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Book Title: Strange Days Indeed: The Golden Age of Paranoia|
The author of the book: Francis Wheen
Format files: PDF
The size of the: 16.58 MB
Edition: Fourth Estate Ltd
Date of issue: September 3rd 2009
ISBN 13: 9780007244270
Read full description of the books Strange Days Indeed: The Golden Age of Paranoia:A jaw-droppingly brilliant account of how the seventies was defined by mass paranoia told with Francis Wheen's wonderfully acute sense of the absurd. The nostalgic whiff of the seventies evokes memories of loons and disco, Abba and Fawlty Towers. However, beneath the long hair it was really a theme park of mass paranoia. Strange Days Indeed tells the story of the decade that a young Francis Wheen walked into having pronounced he was dropping out to join the alternative society. Instead of the optimistic dreams of the sixties he found a world on the verge of a collective nervous breakdown, huddled over candles waiting for the next terrorist bomb, kidnapping or food shortage warning. Whether it was Nixon's demented behaviour in the White House, Harold Wilson's insistence that 'they' (whoever 'they' were) were out to get him, or the trial of Rupert Bear, it is a story almost too fantastical to be true. With his brilliantly acute sense of the absurd Francis Wheen slices through the pungent melange of mistrust and conspiratorial fever to expose the sickly form of a decade in which nations were brought to a sclerotic halt by power cuts, military coups, economic anarchy and the arrival of Uri Geller. Since the Great Crash of our generation barely a week passes without some allusion to that distant decade. As we are consumed by the heady stench of our own collective meltdown, there is no better guide than Francis Wheen to shine his Swiftian light on the true nature of the era that has returned to haunt us. Amidst the chaos Strange Days Indeed is an hilarious and jaw-droppingly revealing chronicle of the golden age of the paranoid style.
About the Author: Francis Wheen is an author and journalist who was named Columnist of the Year for his contributions to the Guardian. He a regular contributor to Private Eye and is the author of several books, including a highly acclaimed biography of Karl Marx which has been translated into twenty-two languages and the bestselling How Mumbo-Jumbo Conquered the World. He recently wrote the screen play for The Lavender List, a biopic on Harold Wilson's last days in government. His collected journalism, Hoo-Hahs and Passing Frenzies, won the George Orwell prize in 2003.
Read information about the authorFrancis James Baird Wheen (born 22 January 1957) is a British journalist, writer and broadcaster.
Wheen was educated at Copthorne Prep School, Harrow School and Royal Holloway College, University of London. At Harrow he was a contemporary of Mark Thatcher who has been a recurring subject of his journalism. He is a member of the 'soap' side of the Wheen family, whose family business was the long-established "Wheen & Sons", soap-makers, as was revealed in the gossip column of the Daily Mail on 26 March 2007. He was married to the writer Joan Smith between 1985 and 1993.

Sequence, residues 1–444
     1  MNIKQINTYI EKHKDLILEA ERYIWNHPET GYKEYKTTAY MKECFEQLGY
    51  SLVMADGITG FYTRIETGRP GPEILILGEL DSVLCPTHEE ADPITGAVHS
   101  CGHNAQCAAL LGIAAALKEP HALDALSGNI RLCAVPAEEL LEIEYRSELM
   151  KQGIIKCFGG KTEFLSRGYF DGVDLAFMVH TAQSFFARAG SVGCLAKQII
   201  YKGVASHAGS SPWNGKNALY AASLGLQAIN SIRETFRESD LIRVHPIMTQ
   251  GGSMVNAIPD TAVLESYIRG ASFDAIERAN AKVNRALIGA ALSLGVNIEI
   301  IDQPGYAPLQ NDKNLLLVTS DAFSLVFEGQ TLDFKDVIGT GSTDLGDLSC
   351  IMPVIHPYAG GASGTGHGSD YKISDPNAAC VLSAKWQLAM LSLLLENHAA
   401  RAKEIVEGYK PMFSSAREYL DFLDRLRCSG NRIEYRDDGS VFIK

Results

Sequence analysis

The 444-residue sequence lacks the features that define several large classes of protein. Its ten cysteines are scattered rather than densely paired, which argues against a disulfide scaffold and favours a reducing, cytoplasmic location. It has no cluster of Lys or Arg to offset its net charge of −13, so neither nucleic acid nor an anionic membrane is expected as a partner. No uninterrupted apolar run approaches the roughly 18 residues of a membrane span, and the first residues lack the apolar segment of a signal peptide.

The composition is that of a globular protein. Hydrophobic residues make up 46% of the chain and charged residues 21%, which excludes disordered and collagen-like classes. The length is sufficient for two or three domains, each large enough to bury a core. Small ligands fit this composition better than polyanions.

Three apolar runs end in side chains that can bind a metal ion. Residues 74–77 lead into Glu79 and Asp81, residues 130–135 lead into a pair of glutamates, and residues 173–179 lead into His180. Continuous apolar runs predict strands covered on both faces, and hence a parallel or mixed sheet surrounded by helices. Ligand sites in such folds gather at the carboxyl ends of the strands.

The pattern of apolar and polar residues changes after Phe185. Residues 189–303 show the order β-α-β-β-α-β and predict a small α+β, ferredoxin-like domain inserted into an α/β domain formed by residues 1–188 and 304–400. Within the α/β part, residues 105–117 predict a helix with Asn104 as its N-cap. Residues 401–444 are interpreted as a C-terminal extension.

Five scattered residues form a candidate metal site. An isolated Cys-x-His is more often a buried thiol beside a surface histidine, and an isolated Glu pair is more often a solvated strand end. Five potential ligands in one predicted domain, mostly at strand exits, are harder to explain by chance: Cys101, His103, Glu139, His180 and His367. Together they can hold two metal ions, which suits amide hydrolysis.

He is the author of several books including a biography of Karl Marx, which won the Isaac Deutscher prize. A column for The Guardian ran for several years. He writes for Private Eye and is the magazine's deputy editor. His collected journalism – Hoo-hahs and Passing Frenzies won him the George Orwell Prize in 2003. He has also been a regular columnist for the London Evening Standard.
Wheen broadcasts regularly (mainly on BBC Radio 4) and is a regular panellist on The News Quiz, in which he often referred to the fact that he resembles the former Tory party leader Iain Duncan Smith. He is also one of the more frequently recruited guests for Have I Got News For You.
Wheen wrote a docudrama, The Lavender List, for BBC Four on the final period of Harold Wilson's premiership, concentrating on his relationship with Marcia Williams, which was first screened in March 2006. It starred Kenneth Cranham as former Prime Minister Wilson and Gina McKee as Williams. In April 2007 the BBC paid £75,000 to Williams (Baroness Falkender) in an out-of-court settlement over claims made in the programme.
Francis Wheen is a signatory to the Euston Manifesto and a close friend of Christopher Hitchens. In late-2005 Wheen was co-author, with journalist David Aaronovitch and blogger Oliver Kamm, of a complaint to The Guardian after it published a correction and apology for an interview with Noam Chomsky by Emma Brockes. Chomsky complained that the article suggested he denied the Srebrenica massacre of 1995. The writer Diana Johnstone also complained about references to her in the interview. The Guardian's then readers' editor Ian Mayes found that this had misrepresented Chomsky's position, and his judgement was upheld in May 2006 by an external ombudsman, John Willis. In his report for the Guardian, Willis detailed his reasons for rejecting the argument.
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